Lust is essentially the misdirected desire for pleasure. Pleasure in itself is not evil or shameful. It is simply our response to anything perceived as good. If we had no capacity for pleasure, we would not prefer good over bad. God Himself has legitimized pleasure by endowing us with a capacity for innocent pleasure here on earth, and by promising that pleasure will be lavished upon those who live eternally in His presence.
Thou wilt shew me the path of life: in thy presence is fulness of joy; at thy right hand there are pleasures for evermore.
But as we travel through this world on a path of righteousness, we find, besides opportunities for innocent pleasure, many opportunities for pleasure that can do harm to ourselves or other people. Harmful pleasure tempts us with ever greater insistence, as modern civilization rapidly builds up Vanity Fair along every byway of life, and as modern technology furnishes the merchants of sin with new thrill-making contrivances.
Thus, in formulating a code of conduct, a Christian must name many illegitimate pleasures that did not exist in Bible times. Some Christians argue that such a code, including prohibitions that do not appear in the Bible, is unscriptural. But the ancient Word of God should not be denied a cutting edge against sin in the twentieth century. Sin must not be allowed to escape condemnation simply by putting on a contemporary guise, slightly altered from the various guises exposed by Scripture. The Old Testament prophets did not shrink from denouncing all the specific forms of loathsome sin in their own time. So, in our time, we must shine the light of divine holiness into every corner where sin lurks. We must identify sins by name, as did the prophets, as did John the Baptist, as all other spokesmen for God have done.
Exactly what worldly practices should a Christian avoid? The Bible says,
Blessed is the man that walketh not in the counsel of the ungodly, nor standeth in the way of sinners, nor sitteth in the seat of the scornful.
These vignettes compare two men, one who receives the blessing of God and another who forfeits His blessing. The difference between them lies in their response to the world. The one who is blessed turns away from it. The other is pliable to it and, by degrees, comes under its complete control. At first, while conducting his own business, he happens to meet the ungodly on the road. Attracted to their company, he travels beside them and listens to their conversation. Later, he seeks them out in public places and lingers in their presence. Finally, he follows them into their homes, sits down, and joins in their scornful way of thinking and speaking. His downfall is the result of engaging the world under circumstances allowing the world to affect his thinking. We conclude that a believer should shun any practice that would make him receptive to worldly influence.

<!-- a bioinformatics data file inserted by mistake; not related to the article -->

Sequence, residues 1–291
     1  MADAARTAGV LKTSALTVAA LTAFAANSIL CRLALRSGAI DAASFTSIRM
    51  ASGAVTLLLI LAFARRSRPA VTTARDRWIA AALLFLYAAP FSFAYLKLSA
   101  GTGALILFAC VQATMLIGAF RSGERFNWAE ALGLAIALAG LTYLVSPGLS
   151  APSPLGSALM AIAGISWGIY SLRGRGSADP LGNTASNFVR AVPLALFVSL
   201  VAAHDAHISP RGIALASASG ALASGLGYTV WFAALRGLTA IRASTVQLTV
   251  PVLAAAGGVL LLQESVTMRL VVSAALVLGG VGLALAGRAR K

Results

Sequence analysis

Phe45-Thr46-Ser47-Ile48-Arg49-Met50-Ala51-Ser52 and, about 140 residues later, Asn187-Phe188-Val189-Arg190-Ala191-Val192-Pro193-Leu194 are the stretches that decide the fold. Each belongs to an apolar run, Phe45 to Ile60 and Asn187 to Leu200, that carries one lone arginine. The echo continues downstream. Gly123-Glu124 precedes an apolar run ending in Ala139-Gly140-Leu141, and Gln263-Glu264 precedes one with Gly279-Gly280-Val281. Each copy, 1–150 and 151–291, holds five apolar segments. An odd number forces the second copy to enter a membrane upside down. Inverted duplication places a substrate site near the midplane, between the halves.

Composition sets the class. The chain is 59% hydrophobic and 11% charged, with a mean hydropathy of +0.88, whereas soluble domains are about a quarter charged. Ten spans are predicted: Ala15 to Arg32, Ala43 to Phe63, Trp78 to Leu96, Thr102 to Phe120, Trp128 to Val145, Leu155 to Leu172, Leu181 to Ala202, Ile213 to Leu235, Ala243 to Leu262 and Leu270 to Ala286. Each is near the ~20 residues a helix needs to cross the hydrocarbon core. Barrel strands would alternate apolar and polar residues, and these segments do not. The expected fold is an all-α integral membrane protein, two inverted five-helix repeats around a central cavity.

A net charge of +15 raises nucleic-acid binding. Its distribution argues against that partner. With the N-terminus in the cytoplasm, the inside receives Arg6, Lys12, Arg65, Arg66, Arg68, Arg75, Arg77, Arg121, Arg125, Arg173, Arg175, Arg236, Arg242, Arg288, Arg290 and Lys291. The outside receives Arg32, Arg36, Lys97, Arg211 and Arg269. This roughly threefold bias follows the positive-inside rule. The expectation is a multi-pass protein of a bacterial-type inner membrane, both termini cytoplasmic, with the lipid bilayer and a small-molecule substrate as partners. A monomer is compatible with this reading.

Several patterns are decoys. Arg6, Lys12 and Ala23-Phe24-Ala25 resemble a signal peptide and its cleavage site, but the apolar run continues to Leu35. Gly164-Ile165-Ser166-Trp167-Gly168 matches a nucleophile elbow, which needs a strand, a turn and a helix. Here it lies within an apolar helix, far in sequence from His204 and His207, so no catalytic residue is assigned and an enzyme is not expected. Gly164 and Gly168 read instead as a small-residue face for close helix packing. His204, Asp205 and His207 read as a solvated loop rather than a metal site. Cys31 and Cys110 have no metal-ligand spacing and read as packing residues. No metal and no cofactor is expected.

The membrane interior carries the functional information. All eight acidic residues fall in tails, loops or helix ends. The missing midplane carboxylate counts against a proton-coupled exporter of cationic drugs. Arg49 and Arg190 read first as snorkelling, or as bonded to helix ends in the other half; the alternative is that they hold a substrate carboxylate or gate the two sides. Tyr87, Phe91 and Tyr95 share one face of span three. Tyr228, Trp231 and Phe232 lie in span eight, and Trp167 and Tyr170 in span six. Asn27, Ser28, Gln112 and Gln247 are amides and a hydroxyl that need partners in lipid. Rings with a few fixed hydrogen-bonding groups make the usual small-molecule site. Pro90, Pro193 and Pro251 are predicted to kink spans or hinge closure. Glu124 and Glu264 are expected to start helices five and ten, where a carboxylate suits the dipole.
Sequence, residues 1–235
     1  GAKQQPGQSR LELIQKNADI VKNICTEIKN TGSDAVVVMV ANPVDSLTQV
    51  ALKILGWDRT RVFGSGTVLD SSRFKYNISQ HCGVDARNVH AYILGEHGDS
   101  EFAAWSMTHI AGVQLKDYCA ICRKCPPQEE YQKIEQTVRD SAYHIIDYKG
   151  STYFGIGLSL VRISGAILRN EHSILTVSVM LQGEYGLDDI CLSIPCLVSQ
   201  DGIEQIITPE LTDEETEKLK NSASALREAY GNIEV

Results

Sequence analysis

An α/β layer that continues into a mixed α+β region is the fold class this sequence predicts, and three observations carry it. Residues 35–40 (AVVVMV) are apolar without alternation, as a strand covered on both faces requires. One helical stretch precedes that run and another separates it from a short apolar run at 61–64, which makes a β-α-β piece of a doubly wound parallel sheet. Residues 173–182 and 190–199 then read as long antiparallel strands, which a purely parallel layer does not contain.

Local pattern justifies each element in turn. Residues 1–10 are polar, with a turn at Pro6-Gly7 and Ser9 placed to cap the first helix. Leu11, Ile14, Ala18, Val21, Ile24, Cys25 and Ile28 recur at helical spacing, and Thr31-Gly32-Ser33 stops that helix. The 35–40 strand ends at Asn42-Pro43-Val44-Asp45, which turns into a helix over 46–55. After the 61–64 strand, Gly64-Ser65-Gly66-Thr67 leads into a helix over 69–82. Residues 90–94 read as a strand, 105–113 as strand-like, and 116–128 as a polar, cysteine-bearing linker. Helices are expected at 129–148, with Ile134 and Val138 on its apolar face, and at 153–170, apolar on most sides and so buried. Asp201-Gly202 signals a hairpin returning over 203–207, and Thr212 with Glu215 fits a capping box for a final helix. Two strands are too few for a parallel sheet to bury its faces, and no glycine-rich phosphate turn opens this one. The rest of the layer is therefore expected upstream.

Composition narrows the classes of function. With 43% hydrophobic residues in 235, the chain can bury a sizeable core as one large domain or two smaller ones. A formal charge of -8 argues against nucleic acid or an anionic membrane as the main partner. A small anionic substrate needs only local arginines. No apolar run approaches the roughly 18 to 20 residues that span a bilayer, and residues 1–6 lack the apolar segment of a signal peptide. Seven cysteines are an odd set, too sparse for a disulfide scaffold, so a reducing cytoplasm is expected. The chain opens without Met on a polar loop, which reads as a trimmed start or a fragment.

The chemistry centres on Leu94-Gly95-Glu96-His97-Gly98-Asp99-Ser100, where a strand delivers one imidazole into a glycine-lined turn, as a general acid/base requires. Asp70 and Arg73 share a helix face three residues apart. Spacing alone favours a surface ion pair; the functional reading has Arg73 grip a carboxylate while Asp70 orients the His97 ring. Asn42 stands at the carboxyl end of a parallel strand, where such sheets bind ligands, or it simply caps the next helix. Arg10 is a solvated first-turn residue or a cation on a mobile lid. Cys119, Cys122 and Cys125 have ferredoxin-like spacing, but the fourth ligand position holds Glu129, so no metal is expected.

But a believer need not withdraw altogether from ungodly people. Scripture permits us to mix with them for a variety of purposes. We can use the marketplace for buying (1 Cor. 10:25) and selling (Acts 16:14). We can work in the employ of unsaved men (1 Tim. 6:1-2). We can locate our dwellings in the midst of people who do not know Christ (Phil. 2:15; 1 Pet. 1:1). We can enter into social relations with unbelievers, so long as these relations display rather than compromise our Christianity (1 Cor. 10:27). We can enter the world to do charitable deeds (Gal. 6:10). We can hold public office (Rom. 16:23) and perform civic duties (Luke 20:25). We can—we must—treat all men graciously rather than rudely (1 Pet. 3:15). And we must show friendliness and love in every situation (Eph. 5:1-2).
Some contact between the church and the world is necessary so that the world will not be cut off from divine grace. God intends the church to mediate His grace to the world. Through the grace of preaching, men are saved, and through the grace of righteous living, the world is preserved from immediate divine judgment. But the influence moving between the church and the world must be a one-way traffic. The outflow of grace must not be obstructed by any inflow of worldly values and thinking.
Before a Christian interacts with the world, he must first measure the likely effect on his own innocence and faith. If these are endangered, the Bible admonishes him,
Wherefore come out from among them, and be ye separate, saith the Lord, and touch not the unclean thing; and I will receive you.
2 Corinthians 6:17